19. 19. PAS-1<br />Further confirmed in 2006<br />Oshiro, T.M., et al. (2006). PAS-1, a protein affinity purified from Ascarissuum worms, maintains the ability to modulate the immune response to a bystander antigen. Immunology and Cell Biology; 84: 138-144.<br />
    20. 20. The goal<br />Using what we know<br />It has been demonstrated that nullifying T-cell activity can “cure” chronic helminth infection.<br />By allowing immune system to operate at full potential<br />Are there trade-offs?<br />
    21. 21. The hygiene hypothesis<br />Much of what is known now is owed to this hypothesis<br />~1998 – present<br />Although its definition has evolved…<br />
    22. 22. By definition:<br />A hypothesis that states that exposure to allergens in the environment early in life reduces the risk of developing allergies by boosting immune system activity. <br />Conversely, relatively clean environment in early life would sway the immune system towards allergy-promoting responses.<br />
    23. 23. Yasdanbakhsh, M., Kremsner, P.G., and van Ree, R.. (2002). Allergy, parasites, and the Hygiene Hypothesis. Science; 296: 490-494. <br />
    24. 24. Before a “cure”<br />We need to think about the trade off:<br />Increase in chronic inflammatory diseases<br />Like rheumatoid arthritis<br />There should be consideration of controlling infections<br />Much is yet to be learned as to the extent of control<br />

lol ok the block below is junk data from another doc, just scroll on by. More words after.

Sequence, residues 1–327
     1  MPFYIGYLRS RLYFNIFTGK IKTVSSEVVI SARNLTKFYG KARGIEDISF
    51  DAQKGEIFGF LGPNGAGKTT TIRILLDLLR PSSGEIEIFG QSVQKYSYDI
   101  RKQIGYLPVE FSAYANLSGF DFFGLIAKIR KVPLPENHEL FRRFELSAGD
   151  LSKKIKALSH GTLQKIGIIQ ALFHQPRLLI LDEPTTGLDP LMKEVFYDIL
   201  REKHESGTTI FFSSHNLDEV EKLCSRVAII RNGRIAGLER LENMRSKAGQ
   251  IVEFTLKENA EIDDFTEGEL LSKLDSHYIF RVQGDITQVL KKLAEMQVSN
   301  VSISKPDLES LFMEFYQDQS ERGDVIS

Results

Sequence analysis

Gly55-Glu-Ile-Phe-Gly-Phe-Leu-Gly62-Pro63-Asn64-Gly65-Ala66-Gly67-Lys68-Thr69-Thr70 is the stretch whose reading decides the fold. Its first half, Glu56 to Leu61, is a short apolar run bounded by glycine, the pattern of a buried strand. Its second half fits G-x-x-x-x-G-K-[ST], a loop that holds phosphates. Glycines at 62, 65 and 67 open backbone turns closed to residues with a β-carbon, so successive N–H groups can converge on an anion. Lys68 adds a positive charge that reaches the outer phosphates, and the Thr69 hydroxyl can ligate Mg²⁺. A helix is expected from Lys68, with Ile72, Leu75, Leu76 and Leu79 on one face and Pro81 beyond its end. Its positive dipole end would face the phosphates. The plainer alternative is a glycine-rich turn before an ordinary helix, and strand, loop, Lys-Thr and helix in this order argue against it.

25. 25. Bibliography<br />Working bibliography<br />Altman, D.M.. (2008). Review on helminths, immune modulation and the hygiene hypothesis; Nematode coevolution with adaptive immunity, regulatory networks and the growth of inflammatory diseases. Immunology; 126: 1-2.<br />Bethony, S.B., et al. (2006). Soil transmitted helminth infections: ascariaisis, trichuriasis, and hookworm. The lancet 2006; 367: 1521-1532.<br />Carvalho, L., et al. (2008). Review series on helminths, immune modulation and the hygiene hypothesis: Mechanisms underlying helminth modulation of dendritic cell function. Immunology; 126: 1-2.<br />Cooke, A.. (2008). Review series on helminthes, immune modulation and the hygiene hypothesi: How might infection mogulate the onset of type 1 diabetes?. Immunology; 126: 12-17.<br />Cooper, P.J., Chico, M.E., Sandoval, C., & Nutman, T.B.. (2004). Atopic phenotype is an important determinant of immunoglobulin E-mediated inflammation and expression of T helper cell type 2 cytokines to Ascarisantigens in children exposed to Ascariasis. The Journal of Infectious Diseases; 190: 1338-1346.<br />Crompton, D.W.T.. (2001). Ascarisand Ascariasis. Advances in Parasitology; 48: 285-375.<br />Faquim-Mauro, E.L., & Macedo, M.S.. (1998). The immunosuppressive activity of Ascarissuum is due to high molecular weight components. Clin Exp Immunol; 114: 245-251.<br />Fincham, J.E., et al. (2007). Ascaris, co-infection and allergy: the importance of analysis based on immunological variables rather than egg excretion. Transactions of the Royal Society of Tropical Medicine and Hygiene; 101: 680-682.<br />Geha, R.S., Jabara, H.H., & Brodeur, S.R.. (2003). The regulation of immunoglogulin E class-switch recombination. Immunology; 3: 721-732.<br />Haburchak, D.R.. (2008, September 12). Ascariasis. Emedicine. Retrieved September 18, 2009 from http://emedicine.medscape.com/article/212510 <br />Hotez…Forgotten people, Forgotten diseases.<br />Hogarth-Scott, R.S.. (1967). The molecular weight range of nematode allergens. Immunology; 13: 535-537.<br />Itami, D.M., et al. (2005). Modulation of murine experimental asthma by Ascarissuumcomponents. Clinical and Experimental Allergy; 35: 873-879.<br />